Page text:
Thursday, November 12, 2009

Beneficial Elements

Beneficial Elements are elements that help optimize the growth and development of plants but they are not essential for growth.  When they are absent in the soil, plants can still live a normal life.  Here are some criteria that separate beneficial element from the essential ones:

1. It can compensate for the toxic effects of other elements.

2.  May replace mineral nutrient in some other less specific function such as the maintenance of osmotic pressure.

3.  May be essential to some but not to all plants.
Examples of beneficial elements are:

Silicon (Si)

Silicon increases the resistance of plants to pathogen and pests.  It also increases drought and heavy metal tolerance of plants.  Overall it improves the quality and yield of agricultural plants. 

Cobalt (Co)
Cobalt is essential for the growth of Rhizobium bacteria for N fixation and thus beneficial for the plant.  Nitrogen fixation is the process by which the atmospheric molecular nitrogen (N2) is reduced to form ammonia (NH3).  This process is carried out by nitrogen-fixing bacteria which are found in the roots of most leguminous plants.  Ammonia is the form of nitrogen that is used by plants and other living systems in the synthesis of organic compounds.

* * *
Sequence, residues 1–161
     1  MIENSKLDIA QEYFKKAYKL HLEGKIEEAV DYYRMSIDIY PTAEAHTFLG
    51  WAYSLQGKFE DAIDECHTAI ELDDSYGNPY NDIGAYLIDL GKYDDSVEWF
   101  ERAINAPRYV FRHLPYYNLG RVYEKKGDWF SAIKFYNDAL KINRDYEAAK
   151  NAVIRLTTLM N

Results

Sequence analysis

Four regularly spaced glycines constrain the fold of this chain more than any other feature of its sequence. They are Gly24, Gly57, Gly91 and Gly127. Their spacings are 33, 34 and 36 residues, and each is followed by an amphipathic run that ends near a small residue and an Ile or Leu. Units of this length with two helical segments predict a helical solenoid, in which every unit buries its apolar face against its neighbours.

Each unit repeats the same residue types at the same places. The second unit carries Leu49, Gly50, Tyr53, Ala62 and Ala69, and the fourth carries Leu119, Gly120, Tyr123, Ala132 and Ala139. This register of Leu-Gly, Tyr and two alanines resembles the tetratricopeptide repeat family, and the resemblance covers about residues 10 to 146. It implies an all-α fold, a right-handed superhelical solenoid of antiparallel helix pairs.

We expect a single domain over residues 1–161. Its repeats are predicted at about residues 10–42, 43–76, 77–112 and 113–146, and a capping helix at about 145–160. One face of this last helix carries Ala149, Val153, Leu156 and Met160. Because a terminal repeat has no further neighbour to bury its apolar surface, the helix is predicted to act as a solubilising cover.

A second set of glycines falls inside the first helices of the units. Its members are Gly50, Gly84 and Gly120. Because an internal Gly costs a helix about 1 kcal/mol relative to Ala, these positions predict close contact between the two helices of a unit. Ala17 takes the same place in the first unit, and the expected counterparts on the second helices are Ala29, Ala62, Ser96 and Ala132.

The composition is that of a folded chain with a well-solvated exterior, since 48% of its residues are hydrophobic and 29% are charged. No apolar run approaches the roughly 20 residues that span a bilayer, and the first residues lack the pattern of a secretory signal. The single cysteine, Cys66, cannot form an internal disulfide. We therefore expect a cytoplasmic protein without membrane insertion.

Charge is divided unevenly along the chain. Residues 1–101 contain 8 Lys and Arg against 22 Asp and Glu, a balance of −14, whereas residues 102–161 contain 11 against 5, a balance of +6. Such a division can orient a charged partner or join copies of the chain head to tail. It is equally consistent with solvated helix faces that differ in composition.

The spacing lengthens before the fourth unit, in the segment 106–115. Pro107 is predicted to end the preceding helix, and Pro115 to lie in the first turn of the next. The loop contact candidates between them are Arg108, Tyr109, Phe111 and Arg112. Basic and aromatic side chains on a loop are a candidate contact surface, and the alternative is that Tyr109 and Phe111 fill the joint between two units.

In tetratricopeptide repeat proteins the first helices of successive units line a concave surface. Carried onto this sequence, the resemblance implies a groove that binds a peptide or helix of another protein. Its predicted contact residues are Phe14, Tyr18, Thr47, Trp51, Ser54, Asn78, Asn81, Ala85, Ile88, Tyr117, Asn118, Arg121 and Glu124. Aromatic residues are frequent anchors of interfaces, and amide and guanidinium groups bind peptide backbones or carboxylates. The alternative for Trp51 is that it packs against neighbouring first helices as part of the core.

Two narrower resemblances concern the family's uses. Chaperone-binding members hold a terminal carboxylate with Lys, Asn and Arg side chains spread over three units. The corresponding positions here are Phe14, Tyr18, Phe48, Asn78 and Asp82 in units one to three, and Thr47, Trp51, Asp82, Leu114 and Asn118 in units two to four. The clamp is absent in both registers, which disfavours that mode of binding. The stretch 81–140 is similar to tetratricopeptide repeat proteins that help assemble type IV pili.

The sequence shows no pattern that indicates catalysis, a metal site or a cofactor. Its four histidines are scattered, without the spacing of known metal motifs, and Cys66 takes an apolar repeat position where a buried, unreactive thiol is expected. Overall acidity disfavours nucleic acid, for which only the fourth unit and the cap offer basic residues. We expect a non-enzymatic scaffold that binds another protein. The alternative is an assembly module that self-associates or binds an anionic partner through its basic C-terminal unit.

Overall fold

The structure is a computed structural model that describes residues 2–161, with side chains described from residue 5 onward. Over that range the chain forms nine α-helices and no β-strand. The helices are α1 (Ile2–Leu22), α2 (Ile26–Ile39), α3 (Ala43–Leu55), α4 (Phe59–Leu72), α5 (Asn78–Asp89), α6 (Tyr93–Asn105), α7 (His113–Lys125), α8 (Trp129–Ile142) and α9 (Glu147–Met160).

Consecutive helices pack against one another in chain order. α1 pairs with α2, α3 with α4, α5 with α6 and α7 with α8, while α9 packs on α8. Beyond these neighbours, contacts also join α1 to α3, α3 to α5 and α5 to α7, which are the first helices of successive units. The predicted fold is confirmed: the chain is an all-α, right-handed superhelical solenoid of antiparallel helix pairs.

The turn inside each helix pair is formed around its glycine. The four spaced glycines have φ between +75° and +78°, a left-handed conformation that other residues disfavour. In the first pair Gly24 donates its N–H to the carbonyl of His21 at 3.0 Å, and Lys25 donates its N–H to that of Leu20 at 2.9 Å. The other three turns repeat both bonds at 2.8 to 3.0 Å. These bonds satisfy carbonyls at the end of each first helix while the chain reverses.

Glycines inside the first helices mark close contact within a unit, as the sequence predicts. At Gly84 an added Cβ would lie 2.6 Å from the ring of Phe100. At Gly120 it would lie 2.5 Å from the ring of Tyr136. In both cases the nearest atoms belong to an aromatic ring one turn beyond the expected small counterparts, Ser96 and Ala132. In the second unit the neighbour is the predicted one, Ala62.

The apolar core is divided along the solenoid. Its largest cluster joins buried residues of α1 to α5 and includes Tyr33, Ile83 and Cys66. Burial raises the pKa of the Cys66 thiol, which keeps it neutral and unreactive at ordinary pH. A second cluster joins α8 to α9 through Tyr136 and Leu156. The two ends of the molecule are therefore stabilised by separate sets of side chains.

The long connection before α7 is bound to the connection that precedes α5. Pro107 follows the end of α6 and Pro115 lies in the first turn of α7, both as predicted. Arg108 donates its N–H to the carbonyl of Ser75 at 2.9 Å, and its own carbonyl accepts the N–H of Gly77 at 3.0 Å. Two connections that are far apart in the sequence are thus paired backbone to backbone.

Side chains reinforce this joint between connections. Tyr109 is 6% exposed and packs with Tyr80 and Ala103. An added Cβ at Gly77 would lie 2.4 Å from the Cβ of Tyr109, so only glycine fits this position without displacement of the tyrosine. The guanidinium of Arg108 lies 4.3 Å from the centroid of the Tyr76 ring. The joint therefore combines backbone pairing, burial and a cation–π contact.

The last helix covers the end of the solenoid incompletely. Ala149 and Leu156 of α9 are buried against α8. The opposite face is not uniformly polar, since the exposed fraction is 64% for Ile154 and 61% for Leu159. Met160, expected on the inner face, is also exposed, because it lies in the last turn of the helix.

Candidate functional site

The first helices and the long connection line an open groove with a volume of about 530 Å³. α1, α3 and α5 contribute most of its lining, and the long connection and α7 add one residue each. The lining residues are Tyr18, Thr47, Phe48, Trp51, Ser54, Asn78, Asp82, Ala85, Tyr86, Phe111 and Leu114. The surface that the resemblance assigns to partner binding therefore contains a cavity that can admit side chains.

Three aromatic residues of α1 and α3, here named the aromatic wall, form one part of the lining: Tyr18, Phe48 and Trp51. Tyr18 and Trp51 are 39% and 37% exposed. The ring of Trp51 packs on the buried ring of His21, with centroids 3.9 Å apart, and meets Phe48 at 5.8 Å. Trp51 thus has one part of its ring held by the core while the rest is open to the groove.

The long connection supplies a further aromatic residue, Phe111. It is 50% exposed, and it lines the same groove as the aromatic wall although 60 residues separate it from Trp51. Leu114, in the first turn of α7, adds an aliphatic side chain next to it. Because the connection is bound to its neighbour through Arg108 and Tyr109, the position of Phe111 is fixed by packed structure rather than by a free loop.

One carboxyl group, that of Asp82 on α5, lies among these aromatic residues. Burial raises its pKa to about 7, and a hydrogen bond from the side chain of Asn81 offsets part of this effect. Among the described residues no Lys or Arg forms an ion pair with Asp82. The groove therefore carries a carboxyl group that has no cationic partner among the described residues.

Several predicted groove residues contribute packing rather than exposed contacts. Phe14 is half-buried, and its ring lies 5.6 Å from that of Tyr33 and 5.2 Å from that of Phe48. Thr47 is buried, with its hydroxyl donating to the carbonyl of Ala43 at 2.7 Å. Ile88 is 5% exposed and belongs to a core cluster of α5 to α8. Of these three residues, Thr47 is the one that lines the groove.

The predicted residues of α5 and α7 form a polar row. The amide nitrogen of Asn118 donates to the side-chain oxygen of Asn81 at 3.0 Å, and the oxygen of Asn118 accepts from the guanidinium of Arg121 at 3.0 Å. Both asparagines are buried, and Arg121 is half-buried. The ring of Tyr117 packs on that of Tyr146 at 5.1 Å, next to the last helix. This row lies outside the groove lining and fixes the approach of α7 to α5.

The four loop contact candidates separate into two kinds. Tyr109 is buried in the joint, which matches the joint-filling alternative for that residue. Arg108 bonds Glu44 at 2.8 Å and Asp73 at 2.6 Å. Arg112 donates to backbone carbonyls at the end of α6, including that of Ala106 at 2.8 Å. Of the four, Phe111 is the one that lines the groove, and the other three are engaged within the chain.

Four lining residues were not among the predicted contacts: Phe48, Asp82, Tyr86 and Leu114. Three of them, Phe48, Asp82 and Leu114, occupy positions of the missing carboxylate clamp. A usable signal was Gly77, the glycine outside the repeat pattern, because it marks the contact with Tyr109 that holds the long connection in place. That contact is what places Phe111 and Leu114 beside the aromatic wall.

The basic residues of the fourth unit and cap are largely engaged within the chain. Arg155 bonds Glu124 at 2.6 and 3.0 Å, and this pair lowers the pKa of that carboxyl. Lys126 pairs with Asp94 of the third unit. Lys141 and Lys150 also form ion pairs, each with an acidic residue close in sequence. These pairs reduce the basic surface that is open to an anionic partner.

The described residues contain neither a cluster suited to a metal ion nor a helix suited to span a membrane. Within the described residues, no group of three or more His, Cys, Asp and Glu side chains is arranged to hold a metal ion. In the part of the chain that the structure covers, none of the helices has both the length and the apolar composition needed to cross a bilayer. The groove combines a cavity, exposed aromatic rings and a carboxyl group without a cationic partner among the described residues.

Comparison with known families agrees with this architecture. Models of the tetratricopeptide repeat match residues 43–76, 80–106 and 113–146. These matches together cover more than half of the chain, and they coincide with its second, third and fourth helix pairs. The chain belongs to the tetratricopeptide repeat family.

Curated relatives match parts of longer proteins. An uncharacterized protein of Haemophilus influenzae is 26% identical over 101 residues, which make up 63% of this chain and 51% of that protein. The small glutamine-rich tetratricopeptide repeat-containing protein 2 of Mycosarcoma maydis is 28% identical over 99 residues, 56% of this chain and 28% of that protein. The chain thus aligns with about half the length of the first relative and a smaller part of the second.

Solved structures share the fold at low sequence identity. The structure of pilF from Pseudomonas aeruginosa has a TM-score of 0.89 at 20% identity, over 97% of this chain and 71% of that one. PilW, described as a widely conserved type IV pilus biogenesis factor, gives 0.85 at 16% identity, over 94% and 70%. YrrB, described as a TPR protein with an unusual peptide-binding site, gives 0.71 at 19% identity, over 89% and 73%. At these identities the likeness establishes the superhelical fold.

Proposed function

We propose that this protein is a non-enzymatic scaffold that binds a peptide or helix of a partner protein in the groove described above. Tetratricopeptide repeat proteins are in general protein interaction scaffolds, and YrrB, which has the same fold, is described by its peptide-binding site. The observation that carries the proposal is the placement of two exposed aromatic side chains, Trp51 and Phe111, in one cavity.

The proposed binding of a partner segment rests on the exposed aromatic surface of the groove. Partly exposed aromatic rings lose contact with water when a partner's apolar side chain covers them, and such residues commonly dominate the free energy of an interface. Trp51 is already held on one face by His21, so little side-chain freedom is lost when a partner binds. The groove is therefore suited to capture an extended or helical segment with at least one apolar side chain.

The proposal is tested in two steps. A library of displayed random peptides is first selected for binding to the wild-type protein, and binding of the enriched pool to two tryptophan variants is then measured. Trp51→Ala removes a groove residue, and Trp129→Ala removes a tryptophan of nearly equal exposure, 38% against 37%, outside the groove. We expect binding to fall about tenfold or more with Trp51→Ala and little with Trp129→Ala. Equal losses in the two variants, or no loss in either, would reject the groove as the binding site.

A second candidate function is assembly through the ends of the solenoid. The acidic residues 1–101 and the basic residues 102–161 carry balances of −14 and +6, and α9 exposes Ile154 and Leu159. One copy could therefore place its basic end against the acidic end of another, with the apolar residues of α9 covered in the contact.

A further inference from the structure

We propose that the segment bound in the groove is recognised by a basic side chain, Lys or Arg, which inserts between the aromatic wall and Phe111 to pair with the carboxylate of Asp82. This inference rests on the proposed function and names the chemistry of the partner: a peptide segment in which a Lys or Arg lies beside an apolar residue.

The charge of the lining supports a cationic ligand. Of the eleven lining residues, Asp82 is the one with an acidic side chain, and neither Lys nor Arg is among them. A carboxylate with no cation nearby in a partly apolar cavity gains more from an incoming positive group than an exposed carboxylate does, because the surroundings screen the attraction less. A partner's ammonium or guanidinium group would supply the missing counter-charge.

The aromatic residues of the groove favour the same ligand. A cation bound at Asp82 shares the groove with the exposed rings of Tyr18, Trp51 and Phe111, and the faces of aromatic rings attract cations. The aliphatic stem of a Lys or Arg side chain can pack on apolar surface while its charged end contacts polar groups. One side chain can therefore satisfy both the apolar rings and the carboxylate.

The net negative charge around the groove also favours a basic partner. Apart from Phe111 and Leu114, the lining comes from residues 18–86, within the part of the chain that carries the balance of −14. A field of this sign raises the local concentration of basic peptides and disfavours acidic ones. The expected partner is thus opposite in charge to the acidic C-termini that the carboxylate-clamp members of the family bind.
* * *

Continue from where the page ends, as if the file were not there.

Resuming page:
Lithium (Li)
Affects transport of sugars from leaves to roots.  Production of food (carbohydrates and sugars) happens in the leaves during photosynthesis.  This food will be transported to the different parts of the plant such as the roots, fruits, new shoots, and stems.  Lithium enhances the transport of such food to the roots.  

For the backyard gardener, there is no need to worry about artificially applying them to the soil or any growing media that you might use.  Your plants will still survive.  In case you want to insist, then the best thing for you to do is apply compost around your plants. 

Beneficial elements are not essential for plant growth.  Lithium for example, is indirectly beneficial to the plant by its benefits to the bacteria rhizobium.  Plants don't need the bacteria for growth.  They need nitrogen.  

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